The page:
Jose Mourinho's side will look to return to winning ways after Saturday's fiery draw with Bournemouth at Old Trafford, which saw Zlatan Ibrahimovic pick up a retrospective three-match ban after accepting violent conduct charges for his clashes with Tyrone Mings.

The state of Rostov's threadbare pitch is a more pressing concern for United with Mourinho critical of the playing surface- described by UEFA as 'not perfect, but playable'.

He said: "It's hard for me to believe we are going to play on that field - if you can call it a field. I don't know which team to play." 

United will definitely be without Eric Bailly with the Frenchman suspended after a red card in the last round against Saint-Etienne, while Wayne Rooney and Luke Shaw have not made the trip. 

The returning Henrikh Mkhitaryan may now not be risked due to the pitch conditions. The Armeninan midfielder has been missing with a hamstring injury in recent fixtures. 

United should still have enough to overcome Rostov but need to be wary of complacency against a team that handed Bayern Munich a shock 3-2 defeat in the Champion's League group stages. 

The Russians performed solidly in their debut Champion's League campaign, picking up five points, finishing above seasoned European campaigners PSV Eindhoven to secure a place in this competition. They knocked Sparta Prague out 5-1 on aggregate in the previous round, winning the home leg 4-0. 

BARE: The under-fire pitch at Rostov's Olimp-2 stadium

Reigning national champions FC Copenhagen head into this fixture on the back of an unbeaten season so far in the Danish Superliga, twelve points clear of nearest challengers Brondby ahead of the league split next month. A crushing 5-0 defeat of Horsens at the weekend extended this run to 24 games. 

The Danes narrowly missed out on qualification for the last 16 of the Champion's League and were unbeaten at home in the group stage without conceding a goal.  They eliminated Bulgarian side Ludogorets in the last round.

Ajax, meanwhile, are on a nine-match unbeaten run of their own in the Eredivisie, but their momentum suffered a slight blow at the weekend, only drawing 1-1 with mid-table Groningen. 

After comfortably winning their group ahead of fellow round of 16 qualifiers Celta Vigo, the Dutch team narrowly came through the last round, defeating Legia Warsaw 1-0 on aggregate thanks to Nick Viergever's home goal in the second leg. Defenders Joel Veltman and Davinson Sanchez both miss out through suspension.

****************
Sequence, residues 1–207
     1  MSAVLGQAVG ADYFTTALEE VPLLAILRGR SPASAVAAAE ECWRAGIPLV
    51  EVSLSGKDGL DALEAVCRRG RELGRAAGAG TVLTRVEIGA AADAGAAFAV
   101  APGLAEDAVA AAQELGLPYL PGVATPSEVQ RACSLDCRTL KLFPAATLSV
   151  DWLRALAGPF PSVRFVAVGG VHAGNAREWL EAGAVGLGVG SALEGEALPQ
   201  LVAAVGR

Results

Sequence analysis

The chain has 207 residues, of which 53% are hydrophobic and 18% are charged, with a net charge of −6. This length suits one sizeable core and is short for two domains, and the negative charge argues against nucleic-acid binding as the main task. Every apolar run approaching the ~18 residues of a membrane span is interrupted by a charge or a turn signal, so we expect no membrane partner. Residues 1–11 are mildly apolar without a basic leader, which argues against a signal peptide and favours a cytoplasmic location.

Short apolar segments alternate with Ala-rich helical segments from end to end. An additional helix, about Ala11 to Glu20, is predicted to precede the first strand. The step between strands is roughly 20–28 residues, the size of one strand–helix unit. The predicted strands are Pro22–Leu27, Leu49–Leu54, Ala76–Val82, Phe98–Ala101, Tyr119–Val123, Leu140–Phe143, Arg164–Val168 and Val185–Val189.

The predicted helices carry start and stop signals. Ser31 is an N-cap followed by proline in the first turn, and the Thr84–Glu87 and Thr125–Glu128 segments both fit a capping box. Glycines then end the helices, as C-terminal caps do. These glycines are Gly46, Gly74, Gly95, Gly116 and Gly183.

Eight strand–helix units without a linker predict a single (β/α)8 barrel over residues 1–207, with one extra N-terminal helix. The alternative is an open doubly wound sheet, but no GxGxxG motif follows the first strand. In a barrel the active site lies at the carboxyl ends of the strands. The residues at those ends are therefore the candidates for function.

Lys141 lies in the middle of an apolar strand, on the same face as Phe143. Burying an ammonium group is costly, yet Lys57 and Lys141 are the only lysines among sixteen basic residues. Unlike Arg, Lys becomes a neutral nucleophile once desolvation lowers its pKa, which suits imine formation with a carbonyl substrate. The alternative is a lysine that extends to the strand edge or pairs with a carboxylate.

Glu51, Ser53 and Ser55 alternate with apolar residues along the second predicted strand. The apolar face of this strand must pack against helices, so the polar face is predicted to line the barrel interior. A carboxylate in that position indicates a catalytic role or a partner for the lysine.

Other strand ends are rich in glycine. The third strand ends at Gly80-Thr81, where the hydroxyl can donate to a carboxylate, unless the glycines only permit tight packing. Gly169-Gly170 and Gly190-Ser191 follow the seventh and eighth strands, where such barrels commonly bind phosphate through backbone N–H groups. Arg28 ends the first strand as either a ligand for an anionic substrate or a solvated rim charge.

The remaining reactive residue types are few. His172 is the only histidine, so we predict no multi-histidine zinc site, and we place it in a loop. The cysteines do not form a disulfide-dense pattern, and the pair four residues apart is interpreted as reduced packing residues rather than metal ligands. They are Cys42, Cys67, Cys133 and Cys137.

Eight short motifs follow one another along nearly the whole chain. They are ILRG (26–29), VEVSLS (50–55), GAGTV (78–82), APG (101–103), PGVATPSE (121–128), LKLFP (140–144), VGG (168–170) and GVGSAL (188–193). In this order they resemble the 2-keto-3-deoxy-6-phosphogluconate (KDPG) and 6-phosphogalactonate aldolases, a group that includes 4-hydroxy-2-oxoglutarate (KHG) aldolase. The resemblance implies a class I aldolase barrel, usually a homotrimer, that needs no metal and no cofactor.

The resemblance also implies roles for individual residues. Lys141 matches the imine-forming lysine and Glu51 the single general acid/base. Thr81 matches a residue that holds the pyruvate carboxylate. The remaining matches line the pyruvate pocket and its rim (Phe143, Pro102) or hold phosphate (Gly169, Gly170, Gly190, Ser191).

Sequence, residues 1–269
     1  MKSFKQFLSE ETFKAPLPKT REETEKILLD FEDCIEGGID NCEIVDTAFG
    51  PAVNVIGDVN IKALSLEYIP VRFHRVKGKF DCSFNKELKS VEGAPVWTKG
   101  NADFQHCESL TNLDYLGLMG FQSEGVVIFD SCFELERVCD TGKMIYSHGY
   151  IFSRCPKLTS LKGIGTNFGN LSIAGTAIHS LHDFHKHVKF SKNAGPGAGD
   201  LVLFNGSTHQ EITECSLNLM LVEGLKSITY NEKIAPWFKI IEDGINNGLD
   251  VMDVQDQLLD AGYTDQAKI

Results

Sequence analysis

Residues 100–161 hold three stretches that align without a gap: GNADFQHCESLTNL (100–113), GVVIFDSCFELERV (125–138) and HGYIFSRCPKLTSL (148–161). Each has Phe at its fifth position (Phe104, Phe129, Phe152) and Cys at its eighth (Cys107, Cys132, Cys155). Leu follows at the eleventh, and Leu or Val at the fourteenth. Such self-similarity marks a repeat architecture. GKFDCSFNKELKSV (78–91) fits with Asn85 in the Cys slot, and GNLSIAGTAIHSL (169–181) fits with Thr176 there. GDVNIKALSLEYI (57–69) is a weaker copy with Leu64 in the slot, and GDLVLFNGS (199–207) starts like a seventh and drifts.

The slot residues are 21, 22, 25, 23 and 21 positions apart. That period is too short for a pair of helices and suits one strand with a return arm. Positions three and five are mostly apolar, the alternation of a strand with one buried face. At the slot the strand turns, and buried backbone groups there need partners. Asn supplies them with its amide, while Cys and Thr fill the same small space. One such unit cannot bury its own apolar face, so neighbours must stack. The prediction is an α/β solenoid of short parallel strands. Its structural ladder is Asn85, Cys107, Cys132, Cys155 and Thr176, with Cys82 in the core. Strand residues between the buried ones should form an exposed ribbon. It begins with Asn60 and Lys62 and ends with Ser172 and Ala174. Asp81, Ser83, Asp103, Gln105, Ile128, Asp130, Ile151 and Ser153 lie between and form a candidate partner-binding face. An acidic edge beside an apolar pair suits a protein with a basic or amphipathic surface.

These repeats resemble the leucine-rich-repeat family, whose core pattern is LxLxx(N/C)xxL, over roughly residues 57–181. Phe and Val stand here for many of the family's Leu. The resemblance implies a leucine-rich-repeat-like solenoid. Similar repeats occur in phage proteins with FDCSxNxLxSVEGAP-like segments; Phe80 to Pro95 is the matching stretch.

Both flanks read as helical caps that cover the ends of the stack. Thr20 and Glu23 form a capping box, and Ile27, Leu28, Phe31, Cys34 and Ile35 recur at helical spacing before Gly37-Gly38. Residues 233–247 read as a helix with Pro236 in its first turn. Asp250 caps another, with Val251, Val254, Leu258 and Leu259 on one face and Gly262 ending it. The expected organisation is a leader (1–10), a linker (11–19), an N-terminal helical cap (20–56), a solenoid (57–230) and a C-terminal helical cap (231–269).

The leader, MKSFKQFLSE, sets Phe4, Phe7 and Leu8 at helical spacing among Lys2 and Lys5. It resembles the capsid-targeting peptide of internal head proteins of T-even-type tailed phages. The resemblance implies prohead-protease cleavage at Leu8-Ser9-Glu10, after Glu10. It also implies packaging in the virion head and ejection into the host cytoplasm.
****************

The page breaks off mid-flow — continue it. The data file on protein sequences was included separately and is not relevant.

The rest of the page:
SUSPENDED: Ajax defender Joel Veltman is banned for the first leg


Cypriot champions APOEL continue to punch above their weight in European competition, knocking out Spanish giants Athletic Bilbao in the previous round 4-3 on aggregate.

An impressive all-round performance saw them narrowly lose the first leg 3-2 before turning their opponents over at home, with Giannis Gianniotas scoring in both fixtures including the decisive penalty that took them through.

A morale-boosting 2-0 victory over Omonia in the Nicosia derby at the weekend will leave head coach Thomas Christiansen quietly confident ahead of this evening's game. 

Anderlecht, meanwhile, failed to live up to top billing in their group, finishing as runners-up to Saint-Etienne, but recovered to eliminate Zenit St Petersburg in the last round (albeit on away goals).

Domestically, they are joint top with Club Brugge but lost their most recent fixture 3-2 at Mechelen - their first league defeat since November. 

Anderlecht have no fewer than seven players one yellow card away from missing the return leg, so the likes of top scorer Youri Tielemans and double goalscorer from the Zenit victory Frank Acheampong need to be careful tonight.

IN FORM: Anderlecht's top scorer Youri Tielemans

Friday, 9 December 2016

Tokyo 2020: UK Sport axe badminton funding despite first Olympic medal in 12 years

Bronze winnners Chris Langridge & Marcus Ellis (The Telegraph)

 By Steven Oldham 

A first Olympic medal in 12 years in Rio wasn't sufficient enough for Team GB's elite badminton players as UK Sport today surprisingly withdrew all financial support for the Tokyo 2020 cycle.

The controversial decision to cut badminton's comparatively modest £5.7m funding (in contrast, GB's rowers gained £32.6m towards Rio) leaves the team's top players looking at uncertain futures leading to the next Olympiad. 

Chris Langridge and Marcus Ellis became the country's first badminton players to secure an Olympic medal in over a decade by winning bronze in the men's doubles in Rio. 

UK Sport had only set the team a target of 0-1 medals at this Games, and their statement today gave no reason as to why badminton funding was removed regardless of Langridge and Ellis' success. 

Archery, fencing, weightlifting and wheelchair rugby also became victims of UK Sport's successful but ruthless policy which rewards sports with 'podium potential' only.  

The policy definitely gets results, but at what cost?  The much-discussed legacy of London 2012 in Great Britain will again be debated as the list of non-funded sports grows ever longer. 

Team sports including handball, basketball and synchronised swimming were jettisoned as soon as London was over. The 'Inspire a Generation' tagline will be a failure if children see no progression to the top in these sports.  Basketball is one of the country's most popular sports by participation but the national team will only go so far without solid financial backing.

In contrast, 42% of UK Sport funding now goes to just 4 sports - rowing, athletics, sailing and cycling.

Any potential funding for the new sports to the Olympic programme - including karate, surfing and sports climbing - will be decided at a later date. 


Rowing continues to be the best funded Olympic sport, at £32.1m over the next four years. This is down roughly £500,000 on the Rio cycle. Many sports take a small hit as overall funding is reduced by £9m to £265m.